I've been seeing some wonderful things being made with creatively used zippers. (Check out Wooly Fabulous on Flickr so I went through my stash and found enough zippers to use them in place of my usual crocheted trim on a spiral hat. I'm very pleased with the finish on this hat. The spiral is lightly stuffed with fiberfil so it will hold its shape. The zippers did add a little weight though not enough that you'd notice it when wearing the hat. It's lined with very soft lambs wool. Feels like I crossed every t and dotted all the i's. Most of the materials were thrifted, the exceptions being a bit of interfacing and the green tapestry wool I used to finish the edge. I love tapestry wool! It comes in so many colors and can be felted too. It's always a happy day when I find a bag of it at a thrift store or tag sale. Sometimes I get in the mood to crochet and felt little patches with a single strand and a small hook. The possibility for color blending are awesome!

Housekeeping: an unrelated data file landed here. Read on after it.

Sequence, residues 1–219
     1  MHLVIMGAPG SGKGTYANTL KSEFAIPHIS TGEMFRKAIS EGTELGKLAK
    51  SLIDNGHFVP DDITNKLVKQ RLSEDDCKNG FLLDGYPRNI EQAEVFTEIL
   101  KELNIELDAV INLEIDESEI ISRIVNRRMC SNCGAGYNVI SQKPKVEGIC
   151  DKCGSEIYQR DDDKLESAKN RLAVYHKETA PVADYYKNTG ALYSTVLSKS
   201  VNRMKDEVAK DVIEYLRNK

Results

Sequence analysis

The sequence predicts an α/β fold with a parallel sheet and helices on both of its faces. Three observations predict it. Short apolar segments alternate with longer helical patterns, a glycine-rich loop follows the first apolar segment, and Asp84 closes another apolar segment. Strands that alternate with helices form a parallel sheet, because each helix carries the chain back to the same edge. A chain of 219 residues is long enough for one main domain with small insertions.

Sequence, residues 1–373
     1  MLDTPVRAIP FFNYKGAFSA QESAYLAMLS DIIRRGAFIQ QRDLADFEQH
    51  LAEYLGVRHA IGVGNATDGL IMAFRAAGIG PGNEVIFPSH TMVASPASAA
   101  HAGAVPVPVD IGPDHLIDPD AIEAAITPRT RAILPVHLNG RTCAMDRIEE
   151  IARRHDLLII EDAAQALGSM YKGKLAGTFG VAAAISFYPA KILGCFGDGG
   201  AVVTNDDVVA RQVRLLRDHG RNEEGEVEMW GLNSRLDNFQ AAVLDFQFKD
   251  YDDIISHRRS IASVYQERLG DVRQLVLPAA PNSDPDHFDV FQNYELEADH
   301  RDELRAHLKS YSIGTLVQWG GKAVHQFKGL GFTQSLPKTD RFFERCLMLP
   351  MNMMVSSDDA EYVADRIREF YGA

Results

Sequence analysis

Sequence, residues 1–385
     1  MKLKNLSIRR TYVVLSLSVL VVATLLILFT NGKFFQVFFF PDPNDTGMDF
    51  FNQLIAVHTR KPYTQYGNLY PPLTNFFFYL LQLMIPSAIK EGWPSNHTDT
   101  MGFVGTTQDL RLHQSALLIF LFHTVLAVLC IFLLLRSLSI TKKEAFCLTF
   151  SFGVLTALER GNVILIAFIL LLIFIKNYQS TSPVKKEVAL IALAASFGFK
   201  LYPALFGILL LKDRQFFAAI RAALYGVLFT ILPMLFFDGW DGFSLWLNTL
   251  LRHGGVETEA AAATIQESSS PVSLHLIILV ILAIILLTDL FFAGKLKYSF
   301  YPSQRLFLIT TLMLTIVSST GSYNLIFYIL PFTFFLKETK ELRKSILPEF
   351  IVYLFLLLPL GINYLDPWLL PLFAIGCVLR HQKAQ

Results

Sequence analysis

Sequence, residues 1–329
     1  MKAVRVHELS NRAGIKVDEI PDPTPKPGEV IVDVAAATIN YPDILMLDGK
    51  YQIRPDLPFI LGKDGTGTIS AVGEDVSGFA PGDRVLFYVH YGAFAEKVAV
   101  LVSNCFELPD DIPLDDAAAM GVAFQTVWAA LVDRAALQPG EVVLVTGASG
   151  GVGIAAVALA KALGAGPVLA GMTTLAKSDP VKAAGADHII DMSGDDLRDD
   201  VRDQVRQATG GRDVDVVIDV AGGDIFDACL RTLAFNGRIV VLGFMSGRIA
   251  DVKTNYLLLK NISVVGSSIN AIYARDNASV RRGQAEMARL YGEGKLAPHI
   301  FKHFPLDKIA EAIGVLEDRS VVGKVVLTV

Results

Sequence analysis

Thursday, February 11, 2010

Mushrooms for Morticia

It was so much fun making this piece! I've been working on a collection of these tabletop mushroom gardens and this story suddenly popped into my head. Cousin Ophelia has opened a floral shop - kept in business mainly by Gomez's frequent stops to purchase presents for his Cara Mia. These are Amanita amourica, poison love mushrooms. Eat them and experience ecstasy and possibly die. As Gomez would say,"Either way, what bliss!" I found the footed porcelain cup in a thrift shop years ago and it was just perfect for this project. The mushrooms are sewn from felted sweater wool and even the stuffing is from a bag of thrifted fiberfill. The only parts I bought new are the ribbon and the pipe cleaners in the stems. The mushrooms can be gently bent and arranged to suit one's fancy. I find it far more interesting to design with thrifted art and craft supplies rather than running out to Michael's to get new stuff. They'd never have a cup like that!